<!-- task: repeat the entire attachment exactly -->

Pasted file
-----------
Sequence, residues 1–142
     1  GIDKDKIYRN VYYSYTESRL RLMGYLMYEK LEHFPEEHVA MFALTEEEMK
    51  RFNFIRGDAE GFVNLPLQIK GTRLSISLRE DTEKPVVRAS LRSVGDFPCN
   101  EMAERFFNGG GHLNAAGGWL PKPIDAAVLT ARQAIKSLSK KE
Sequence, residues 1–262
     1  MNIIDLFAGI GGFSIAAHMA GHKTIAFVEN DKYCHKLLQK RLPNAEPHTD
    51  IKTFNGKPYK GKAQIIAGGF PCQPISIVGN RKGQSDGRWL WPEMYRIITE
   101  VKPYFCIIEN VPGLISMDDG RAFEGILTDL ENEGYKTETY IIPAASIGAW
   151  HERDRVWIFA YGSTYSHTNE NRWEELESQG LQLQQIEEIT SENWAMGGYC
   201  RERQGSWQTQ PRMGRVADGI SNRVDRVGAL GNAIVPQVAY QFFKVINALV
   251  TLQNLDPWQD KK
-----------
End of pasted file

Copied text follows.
Sequence, residues 1–142
     1  GIDKDKIYRN VYYSYTESRL RLMGYLMYEK LEHFPEEHVA MFALTEEEMK
    51  RFNFIRGDAE GFVNLPLQIK GTRLSISLRE DTEKPVVRAS LRSVGDFPCN
   101  EMAERFFNGG GHLNAAGGWL PKPIDAAVLT ARQAIKSLSK KE
Sequence, residues 1–262
     1  MNIIDLFAGI GGFSIAAHMA GHKTIAFVEN DKYCHKLLQK RLPNAEPHTD
    51  IKTFNGKPYK GKAQIIAGGF PCQPISIVGN RKGQSDGRWL WPEMYRIITE
   101  VKPYFCIIEN VPGLISMDDG RAFEGILTDL ENEGYKTETY IIPAASIGAW
   151  HERDRVWIFA YGSTYSHTNE NRWEELESQG LQLQQIEEIT SENWAMGGYC
   201  RERQGSWQTQ PRMGRVADGI SNRVDRVGAL GNAIVPQVAY QFFKVINALV
   251  TLQNLDPWQD KK